- The Washington Times - Friday, May 28, 2004

Shell halts sale of bad gasoline

NEW ORLEANS — Just before the heavy-driving Memorial Day weekend, Shell Oil stopped the sale of gasoline at more than 500 of its stations in the South because of high levels of sulfur that can ruin vehicle fuel gauges and make an empty tank appear full.

The damage done by the bad gasoline could cause some drivers to run out of gas unexpectedly. Also, car owners may have to replace their fuel gauges — a repair job that can easily cost $400 to $600.

Wanted in terror fight: alert doormen

NEW YORK — Authorities in this city of buildings have turned to a new ally in the war on the terror: doormen.

Antiterrorism training began this week for 28,000 doormen, superintendents and porters in 3,500 apartment buildings throughout the city.

Under a program developed by the Service Employees union, landlord groups and the police department, the workers will receive four hours of classroom training on how to spot and respond to the threat of terrorism.

Fox pursues Hoffa mystery

DETROIT — Investigators looking into the 1975 disappearance of Teamsters boss Jimmy Hoffa ripped up floor boards yesterday in a Detroit house where traces of blood were uncovered by the Fox News Channel.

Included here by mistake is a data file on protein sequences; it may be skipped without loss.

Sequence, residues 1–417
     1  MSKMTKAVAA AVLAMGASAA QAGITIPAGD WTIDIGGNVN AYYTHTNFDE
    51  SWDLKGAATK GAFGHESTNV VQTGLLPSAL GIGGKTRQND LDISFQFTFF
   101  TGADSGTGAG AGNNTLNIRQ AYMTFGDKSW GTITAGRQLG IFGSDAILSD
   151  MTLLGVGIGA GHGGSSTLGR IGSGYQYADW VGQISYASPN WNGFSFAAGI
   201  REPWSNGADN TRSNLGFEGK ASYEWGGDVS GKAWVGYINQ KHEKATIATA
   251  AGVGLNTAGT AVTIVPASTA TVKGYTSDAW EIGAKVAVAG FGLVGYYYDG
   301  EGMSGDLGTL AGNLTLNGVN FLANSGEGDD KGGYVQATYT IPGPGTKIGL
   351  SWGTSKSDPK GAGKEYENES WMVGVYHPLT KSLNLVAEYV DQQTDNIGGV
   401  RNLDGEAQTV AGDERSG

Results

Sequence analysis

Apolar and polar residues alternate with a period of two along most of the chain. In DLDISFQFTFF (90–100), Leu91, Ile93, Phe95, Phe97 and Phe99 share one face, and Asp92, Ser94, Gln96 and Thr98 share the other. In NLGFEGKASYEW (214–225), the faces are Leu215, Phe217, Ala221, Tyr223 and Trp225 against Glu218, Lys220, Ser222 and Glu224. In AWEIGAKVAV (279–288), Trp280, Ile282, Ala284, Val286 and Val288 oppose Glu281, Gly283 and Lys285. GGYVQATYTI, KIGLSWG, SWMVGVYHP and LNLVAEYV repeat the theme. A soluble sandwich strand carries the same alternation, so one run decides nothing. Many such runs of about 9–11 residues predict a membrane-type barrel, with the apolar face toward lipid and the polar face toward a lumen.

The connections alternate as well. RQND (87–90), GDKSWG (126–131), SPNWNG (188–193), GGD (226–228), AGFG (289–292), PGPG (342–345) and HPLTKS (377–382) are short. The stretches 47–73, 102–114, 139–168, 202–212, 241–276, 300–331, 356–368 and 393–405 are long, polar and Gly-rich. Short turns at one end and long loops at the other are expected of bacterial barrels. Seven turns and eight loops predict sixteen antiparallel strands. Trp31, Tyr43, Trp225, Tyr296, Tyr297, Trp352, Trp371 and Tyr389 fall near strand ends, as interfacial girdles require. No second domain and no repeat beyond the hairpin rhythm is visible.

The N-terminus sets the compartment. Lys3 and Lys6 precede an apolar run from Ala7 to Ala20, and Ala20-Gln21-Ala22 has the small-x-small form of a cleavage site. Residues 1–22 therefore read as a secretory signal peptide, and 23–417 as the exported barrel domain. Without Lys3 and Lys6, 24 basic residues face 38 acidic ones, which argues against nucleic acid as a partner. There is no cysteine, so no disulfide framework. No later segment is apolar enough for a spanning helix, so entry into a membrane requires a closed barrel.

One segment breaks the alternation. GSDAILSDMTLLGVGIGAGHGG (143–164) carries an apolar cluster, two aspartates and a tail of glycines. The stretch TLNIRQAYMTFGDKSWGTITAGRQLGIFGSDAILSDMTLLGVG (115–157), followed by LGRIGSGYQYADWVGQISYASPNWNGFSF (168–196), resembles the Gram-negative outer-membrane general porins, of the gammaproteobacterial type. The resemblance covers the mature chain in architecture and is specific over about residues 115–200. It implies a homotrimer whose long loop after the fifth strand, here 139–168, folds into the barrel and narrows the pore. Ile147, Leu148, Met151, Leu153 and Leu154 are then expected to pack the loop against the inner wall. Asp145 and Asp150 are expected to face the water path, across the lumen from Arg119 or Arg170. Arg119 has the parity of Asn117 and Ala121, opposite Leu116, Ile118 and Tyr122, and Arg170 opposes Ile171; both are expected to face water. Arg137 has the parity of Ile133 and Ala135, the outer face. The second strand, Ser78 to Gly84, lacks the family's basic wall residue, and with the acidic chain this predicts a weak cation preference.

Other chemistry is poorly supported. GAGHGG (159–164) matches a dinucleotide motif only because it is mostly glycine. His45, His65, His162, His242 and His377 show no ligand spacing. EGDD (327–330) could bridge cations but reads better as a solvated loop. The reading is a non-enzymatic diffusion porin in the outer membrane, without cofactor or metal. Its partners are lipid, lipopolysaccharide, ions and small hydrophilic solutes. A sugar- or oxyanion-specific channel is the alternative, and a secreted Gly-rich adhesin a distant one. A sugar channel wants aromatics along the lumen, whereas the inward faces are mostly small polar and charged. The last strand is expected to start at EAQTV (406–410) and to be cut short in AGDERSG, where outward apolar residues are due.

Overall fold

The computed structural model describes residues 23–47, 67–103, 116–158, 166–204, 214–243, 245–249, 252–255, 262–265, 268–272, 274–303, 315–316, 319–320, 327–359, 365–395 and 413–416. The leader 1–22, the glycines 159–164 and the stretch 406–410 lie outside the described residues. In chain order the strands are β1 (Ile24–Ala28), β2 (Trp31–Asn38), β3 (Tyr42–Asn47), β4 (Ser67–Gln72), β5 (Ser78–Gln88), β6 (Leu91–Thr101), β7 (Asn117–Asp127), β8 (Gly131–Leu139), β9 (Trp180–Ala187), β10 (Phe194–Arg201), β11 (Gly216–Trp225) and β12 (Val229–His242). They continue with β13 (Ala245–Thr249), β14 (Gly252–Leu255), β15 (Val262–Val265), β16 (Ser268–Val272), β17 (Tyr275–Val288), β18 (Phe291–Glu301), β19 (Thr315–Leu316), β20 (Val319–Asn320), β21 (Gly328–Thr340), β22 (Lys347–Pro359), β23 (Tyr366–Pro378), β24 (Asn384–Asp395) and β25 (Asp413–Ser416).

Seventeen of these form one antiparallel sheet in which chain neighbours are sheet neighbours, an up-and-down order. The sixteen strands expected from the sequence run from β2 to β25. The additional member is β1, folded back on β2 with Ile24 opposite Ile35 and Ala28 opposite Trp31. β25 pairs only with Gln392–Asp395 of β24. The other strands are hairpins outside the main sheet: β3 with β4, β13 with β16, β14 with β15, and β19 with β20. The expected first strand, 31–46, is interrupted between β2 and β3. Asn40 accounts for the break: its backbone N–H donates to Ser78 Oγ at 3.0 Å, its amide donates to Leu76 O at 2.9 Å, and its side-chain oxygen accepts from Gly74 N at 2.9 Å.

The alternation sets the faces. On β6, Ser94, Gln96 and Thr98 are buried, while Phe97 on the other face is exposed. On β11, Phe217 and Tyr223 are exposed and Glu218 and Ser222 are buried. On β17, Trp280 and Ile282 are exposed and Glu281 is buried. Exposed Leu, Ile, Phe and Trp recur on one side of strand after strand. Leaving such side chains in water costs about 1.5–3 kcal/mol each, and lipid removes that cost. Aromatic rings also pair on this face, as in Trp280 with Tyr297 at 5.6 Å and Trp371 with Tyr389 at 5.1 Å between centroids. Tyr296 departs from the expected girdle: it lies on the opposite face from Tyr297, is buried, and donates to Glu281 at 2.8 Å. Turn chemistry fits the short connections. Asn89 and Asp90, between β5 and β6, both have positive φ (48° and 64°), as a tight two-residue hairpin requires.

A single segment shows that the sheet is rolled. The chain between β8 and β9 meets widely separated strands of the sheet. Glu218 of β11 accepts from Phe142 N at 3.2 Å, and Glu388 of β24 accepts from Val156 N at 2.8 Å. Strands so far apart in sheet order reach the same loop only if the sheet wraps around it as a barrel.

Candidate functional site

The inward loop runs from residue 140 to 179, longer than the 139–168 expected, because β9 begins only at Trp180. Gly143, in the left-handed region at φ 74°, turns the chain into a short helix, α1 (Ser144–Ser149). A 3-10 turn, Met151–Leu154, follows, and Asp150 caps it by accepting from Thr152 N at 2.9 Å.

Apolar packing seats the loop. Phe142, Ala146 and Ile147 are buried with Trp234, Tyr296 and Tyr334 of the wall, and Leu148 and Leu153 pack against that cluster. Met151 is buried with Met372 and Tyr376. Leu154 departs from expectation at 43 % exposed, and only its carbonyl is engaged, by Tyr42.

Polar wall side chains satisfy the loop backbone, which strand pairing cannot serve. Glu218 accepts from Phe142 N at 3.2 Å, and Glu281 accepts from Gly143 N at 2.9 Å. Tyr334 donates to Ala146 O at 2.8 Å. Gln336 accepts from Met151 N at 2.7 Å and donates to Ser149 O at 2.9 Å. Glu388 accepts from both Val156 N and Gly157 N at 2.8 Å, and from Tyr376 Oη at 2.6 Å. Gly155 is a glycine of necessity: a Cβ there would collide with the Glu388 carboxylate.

According to an upcoming book by Charles Brandt, former Pennsylvania Teamster official Frank Sheeran said he shot Mr. Hoffa inside the home in 1975. Mr. Sheeran died last year in a nursing home.

Fox sent a forensic team to the house in March, and yesterday, Oakland County Deputy Prosecutor Jim Halushka confirmed that investigators were examining evidence from the home.

Boy thought dead found to be alive

BOISE, Idaho — A hospital worker preparing a drowned 2-year-old for a funeral home noticed the boy was breathing — more than an hour after he had been pronounced dead.

After giving Logan Pinto’s mother and stepfather — Debra and Joe Gould — some time to say goodbye, Madison Memorial Hospital nurse Mary Zollinger began to prepare Logan’s body. She noticed his chest was moving slightly and realized that he was alive.

The boy was flown to Primary Children’s Medical Center in Salt Lake City, where he was listed in critical condition.

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